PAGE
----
And to add to this all this excitement I got a new job! I don't start until April (thank goodness because thesis is crazy right now) but I will be working at LUNE Vintage

I originally met Jill Monroe, the owner, when the shop was located on Rathgar (it is now on Broadway & Balmoral) and I began selling some of my jewelry at the shop. Lune Vintage is actually sharing a space with Freckled Nest designs which should be quite cool as Leigh Ann from Freckled Nest designed my blog and I have also known Kyla Roma, now one of their main designers since we were little. It's going to be the best and another great perk is my friend Cara Mason was hired too! It's going to be a great summer :)

Some things I can't wait to get my grubby little fingers on are one of Jill's Ojo de Dios necklaces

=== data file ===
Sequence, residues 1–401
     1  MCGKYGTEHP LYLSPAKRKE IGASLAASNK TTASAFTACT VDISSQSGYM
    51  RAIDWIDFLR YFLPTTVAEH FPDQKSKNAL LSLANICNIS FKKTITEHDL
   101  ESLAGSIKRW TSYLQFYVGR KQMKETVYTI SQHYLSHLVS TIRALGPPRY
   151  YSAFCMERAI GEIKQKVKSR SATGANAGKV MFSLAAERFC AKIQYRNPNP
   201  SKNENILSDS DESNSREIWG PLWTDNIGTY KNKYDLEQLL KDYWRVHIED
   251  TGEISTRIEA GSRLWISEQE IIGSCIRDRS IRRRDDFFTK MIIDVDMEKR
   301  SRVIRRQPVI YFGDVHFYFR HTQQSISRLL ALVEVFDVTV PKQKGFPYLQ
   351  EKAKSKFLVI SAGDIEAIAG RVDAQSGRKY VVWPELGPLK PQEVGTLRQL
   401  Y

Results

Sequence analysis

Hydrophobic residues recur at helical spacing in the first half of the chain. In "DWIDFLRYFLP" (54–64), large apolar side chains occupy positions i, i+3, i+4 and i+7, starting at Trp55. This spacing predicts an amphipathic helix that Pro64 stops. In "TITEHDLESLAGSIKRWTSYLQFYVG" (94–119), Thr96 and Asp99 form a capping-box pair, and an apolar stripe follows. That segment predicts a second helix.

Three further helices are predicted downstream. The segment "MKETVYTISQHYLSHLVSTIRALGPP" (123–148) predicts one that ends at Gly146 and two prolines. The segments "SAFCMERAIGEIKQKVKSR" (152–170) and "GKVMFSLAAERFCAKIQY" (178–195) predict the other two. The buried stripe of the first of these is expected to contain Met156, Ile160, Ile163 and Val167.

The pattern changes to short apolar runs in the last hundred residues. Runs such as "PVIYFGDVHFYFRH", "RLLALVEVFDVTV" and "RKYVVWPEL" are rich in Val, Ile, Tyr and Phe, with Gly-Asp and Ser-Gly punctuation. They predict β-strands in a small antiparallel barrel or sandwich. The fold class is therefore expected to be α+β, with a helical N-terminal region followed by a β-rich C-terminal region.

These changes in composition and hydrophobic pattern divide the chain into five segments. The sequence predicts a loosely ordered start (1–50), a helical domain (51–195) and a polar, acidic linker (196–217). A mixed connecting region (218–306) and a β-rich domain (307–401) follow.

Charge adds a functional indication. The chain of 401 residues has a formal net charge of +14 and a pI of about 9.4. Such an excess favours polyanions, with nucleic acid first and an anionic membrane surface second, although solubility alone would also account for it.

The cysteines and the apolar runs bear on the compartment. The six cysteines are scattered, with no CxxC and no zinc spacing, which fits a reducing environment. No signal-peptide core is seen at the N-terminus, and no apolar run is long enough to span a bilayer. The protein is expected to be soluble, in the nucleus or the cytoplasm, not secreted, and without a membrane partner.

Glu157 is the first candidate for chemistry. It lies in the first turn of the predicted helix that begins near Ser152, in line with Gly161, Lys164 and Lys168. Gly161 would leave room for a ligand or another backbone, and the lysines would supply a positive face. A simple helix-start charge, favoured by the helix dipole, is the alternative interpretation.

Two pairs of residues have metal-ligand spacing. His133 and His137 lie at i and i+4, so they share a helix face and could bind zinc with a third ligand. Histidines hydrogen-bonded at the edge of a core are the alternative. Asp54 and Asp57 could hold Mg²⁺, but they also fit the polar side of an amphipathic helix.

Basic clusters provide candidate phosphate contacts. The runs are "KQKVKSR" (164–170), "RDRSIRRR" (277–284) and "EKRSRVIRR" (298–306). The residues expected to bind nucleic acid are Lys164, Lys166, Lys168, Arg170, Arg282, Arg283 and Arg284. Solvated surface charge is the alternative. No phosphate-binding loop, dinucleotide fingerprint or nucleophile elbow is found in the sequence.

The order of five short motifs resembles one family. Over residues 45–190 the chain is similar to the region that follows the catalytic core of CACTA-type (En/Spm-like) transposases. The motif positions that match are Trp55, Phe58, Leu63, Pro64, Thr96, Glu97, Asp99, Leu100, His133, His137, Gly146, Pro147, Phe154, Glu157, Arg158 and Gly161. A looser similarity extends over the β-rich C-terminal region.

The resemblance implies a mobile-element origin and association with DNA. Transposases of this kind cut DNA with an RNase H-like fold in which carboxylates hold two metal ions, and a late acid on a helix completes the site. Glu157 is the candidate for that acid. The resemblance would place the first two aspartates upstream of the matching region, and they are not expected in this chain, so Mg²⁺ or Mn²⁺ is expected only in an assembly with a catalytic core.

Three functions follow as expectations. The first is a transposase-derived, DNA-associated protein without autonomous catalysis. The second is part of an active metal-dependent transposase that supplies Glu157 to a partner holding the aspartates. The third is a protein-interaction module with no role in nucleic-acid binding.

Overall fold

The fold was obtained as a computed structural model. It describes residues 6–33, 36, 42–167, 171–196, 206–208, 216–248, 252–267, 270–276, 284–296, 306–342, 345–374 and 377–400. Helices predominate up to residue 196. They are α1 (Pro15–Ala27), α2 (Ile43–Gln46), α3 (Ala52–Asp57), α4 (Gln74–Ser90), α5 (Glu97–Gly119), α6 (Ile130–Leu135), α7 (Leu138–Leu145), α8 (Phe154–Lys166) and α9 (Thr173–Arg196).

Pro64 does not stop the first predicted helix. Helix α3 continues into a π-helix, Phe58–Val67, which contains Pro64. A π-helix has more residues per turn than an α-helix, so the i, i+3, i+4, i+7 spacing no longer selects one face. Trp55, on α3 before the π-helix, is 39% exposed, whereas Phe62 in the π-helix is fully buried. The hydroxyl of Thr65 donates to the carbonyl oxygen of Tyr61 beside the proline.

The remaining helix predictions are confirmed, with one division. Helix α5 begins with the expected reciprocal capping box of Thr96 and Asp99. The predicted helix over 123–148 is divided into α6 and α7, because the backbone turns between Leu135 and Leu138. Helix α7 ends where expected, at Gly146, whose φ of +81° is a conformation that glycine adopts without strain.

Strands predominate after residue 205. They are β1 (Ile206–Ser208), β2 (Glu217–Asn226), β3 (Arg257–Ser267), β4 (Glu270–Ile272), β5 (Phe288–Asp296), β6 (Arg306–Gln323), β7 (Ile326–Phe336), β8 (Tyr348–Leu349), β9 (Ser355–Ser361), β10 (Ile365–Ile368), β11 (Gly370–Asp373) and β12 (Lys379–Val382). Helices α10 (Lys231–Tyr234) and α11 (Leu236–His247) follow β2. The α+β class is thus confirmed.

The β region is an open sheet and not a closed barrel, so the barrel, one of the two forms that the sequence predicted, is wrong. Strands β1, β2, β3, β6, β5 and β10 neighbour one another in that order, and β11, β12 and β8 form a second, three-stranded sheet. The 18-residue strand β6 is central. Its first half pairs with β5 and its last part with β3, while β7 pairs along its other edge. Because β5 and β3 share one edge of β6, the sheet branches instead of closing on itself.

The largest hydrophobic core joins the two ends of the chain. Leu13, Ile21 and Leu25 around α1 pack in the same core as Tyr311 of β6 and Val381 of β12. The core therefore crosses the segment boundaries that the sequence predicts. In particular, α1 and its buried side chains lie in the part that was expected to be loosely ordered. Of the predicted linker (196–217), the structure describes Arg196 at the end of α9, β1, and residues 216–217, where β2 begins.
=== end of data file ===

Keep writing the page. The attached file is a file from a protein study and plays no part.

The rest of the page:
and one of Moorea Seal's amethyst rings....

Looking for something to do this weekend? Join the March Gallery Ingenue artists Friday night for the Canadiana Opening from 7-10pm at 166 Osborne Street! I'll be there :)

1 comment:

  1. Wow, you're such a multitasking artist! How long did you make the sculpture and the painting? And what does that sculpture of a woman with a raised fist mean?